Every time I have an initial consultation with a dental client, we discuss the top 3 challenges in their practice. Almost every practice owner or office manager includes “employee management” on the list. Do they do this because it’s really a challenge? Maybe because they’ve been given a title with the word manager in it? Or… they can’t think of a third issue under pressure and have heard this phrase so much that its almost instinctual to mention it. Whatever the reason, my response is always the same. “You can’t manage employees. You must LEAD employees and manage systems.”
While I’ve never been asked, I can see the question swirling around in the head of my audience. “What is the difference between managing and leading?” Dentistry is often referred to as a relationship business. Immediately, we think of the relationship between the patient and dentist. However, it needs to be taken a step further to include the relationship between the manager (practice owner, office manager, team lead, etc.) and the team. A successful practice has a minimum of three team members. Each of these team members have different personalities. So why do “managers” think that they will all respond to authority in the same manner? Crazy fact: they won’t.
Let’s face it. Most of us in a Manager role were never trained to be in this position. Often, someone holds this title because of their tenure at the practice, their ability to take charge of situations, or they joined the practice having had the title in the past. However, they obtained the title, one thing is for certain… as soon as they accepted it, other team members started sharing issues with this person in an effort to find bias resolution. Unfortunately, it doesn’t work that way. When someone is promoted to the title of Office Manager or they become a Practice Owner it doesn’t mean that he/she automatically gains the knowledge of how to handle every issue properly. But they try their best and when they can’t reach their goal of making everyone happy, they feel like a failure. In reality, not being able to please everyone makes them completely normal!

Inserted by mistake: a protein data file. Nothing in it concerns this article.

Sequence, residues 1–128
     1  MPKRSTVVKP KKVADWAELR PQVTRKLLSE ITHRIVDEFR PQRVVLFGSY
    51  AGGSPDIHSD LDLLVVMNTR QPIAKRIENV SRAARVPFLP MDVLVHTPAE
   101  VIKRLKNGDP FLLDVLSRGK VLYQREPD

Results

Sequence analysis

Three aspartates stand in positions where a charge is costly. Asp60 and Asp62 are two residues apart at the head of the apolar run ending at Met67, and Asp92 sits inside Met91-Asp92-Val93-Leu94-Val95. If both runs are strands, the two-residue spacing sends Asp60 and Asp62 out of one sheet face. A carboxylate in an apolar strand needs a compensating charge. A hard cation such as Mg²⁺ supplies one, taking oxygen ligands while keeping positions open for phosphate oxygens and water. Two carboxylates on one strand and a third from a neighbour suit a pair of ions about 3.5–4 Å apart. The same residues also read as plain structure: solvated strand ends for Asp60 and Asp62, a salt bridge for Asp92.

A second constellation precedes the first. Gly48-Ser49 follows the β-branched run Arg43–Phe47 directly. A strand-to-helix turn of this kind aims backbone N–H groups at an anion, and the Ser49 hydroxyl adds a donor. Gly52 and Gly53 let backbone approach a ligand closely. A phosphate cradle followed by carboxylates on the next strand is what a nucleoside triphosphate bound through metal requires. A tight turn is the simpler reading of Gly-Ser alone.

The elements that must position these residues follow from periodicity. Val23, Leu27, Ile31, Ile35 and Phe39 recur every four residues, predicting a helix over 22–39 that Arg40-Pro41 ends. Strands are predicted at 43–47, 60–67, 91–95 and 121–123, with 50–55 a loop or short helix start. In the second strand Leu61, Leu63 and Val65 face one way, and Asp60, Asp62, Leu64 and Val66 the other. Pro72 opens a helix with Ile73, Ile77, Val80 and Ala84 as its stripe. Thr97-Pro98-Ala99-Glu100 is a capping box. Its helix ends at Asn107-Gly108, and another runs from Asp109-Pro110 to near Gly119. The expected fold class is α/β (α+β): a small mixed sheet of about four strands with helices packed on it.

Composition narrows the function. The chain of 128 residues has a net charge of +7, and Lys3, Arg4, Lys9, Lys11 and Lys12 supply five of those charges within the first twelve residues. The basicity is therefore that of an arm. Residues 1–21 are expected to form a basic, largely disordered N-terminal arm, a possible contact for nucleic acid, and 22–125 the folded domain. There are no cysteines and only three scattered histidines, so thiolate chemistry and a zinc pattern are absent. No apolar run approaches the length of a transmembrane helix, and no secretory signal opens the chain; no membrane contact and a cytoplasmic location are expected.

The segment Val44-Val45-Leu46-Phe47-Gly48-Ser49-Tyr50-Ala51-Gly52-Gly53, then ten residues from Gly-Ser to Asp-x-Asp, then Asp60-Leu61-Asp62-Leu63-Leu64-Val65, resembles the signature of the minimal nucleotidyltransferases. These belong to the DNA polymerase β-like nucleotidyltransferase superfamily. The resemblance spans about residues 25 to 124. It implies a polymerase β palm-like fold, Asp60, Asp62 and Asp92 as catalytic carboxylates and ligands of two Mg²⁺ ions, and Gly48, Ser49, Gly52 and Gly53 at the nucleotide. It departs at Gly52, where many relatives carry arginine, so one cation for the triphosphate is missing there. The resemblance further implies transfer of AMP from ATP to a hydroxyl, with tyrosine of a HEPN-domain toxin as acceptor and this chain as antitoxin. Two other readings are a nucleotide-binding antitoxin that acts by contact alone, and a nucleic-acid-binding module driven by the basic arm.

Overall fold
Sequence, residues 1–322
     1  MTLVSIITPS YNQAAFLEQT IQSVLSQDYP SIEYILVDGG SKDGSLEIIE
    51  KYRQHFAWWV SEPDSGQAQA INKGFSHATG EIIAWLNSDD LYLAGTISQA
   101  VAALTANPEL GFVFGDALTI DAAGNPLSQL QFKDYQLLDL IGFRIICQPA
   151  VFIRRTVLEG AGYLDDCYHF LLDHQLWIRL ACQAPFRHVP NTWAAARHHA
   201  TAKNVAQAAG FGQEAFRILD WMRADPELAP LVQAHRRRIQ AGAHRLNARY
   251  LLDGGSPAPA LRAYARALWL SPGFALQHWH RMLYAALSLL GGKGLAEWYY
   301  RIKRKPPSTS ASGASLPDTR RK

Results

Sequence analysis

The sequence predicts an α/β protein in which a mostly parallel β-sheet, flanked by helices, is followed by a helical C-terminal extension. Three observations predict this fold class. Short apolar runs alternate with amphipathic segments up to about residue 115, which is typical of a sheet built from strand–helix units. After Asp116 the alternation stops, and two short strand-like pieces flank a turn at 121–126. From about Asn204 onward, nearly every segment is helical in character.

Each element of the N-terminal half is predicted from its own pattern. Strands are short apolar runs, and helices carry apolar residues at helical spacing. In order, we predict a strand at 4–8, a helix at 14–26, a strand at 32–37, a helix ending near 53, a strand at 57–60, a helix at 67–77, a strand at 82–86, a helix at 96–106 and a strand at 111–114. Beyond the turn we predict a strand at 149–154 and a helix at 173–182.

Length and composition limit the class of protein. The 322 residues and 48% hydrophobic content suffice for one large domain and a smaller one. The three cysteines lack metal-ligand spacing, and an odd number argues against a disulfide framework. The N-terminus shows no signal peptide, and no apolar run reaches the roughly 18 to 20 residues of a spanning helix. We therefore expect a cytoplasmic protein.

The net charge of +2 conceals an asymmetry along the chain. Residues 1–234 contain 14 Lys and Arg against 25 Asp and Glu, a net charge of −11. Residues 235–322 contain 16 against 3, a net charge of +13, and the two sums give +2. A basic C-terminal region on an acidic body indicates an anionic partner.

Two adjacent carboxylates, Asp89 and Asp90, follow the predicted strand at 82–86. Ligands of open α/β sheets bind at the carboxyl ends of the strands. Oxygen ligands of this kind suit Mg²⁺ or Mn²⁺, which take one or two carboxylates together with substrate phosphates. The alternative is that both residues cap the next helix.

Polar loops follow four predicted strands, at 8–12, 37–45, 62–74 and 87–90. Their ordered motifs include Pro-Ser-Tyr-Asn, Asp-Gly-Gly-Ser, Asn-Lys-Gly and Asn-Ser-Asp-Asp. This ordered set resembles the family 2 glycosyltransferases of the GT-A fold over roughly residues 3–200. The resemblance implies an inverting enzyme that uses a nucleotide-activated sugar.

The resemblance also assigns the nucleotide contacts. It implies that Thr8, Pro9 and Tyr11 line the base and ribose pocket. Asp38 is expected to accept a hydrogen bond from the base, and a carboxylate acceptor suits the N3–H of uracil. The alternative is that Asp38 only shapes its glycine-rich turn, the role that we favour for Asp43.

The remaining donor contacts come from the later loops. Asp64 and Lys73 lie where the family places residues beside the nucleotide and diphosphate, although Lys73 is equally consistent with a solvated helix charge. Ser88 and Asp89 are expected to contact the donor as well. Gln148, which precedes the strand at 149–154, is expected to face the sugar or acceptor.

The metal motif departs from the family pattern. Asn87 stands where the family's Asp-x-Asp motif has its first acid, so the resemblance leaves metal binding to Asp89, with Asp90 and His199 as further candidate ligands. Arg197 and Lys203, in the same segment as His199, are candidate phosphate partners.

The difference between managing and leading is vast. The definition of manage is “to be in control or in charge.” How can we be in control of other people? Even with all the AI advances, people still have their own free will. The definition of lead is “the initiative in an action; an example for others to follow.” Now, this is something you can control: your actions.
Successful managers lead by example. This means that they must be the prime example of what is expected out of the team and how to achieve those expectations. The goal is that the team will follow your lead and manage themselves accordingly.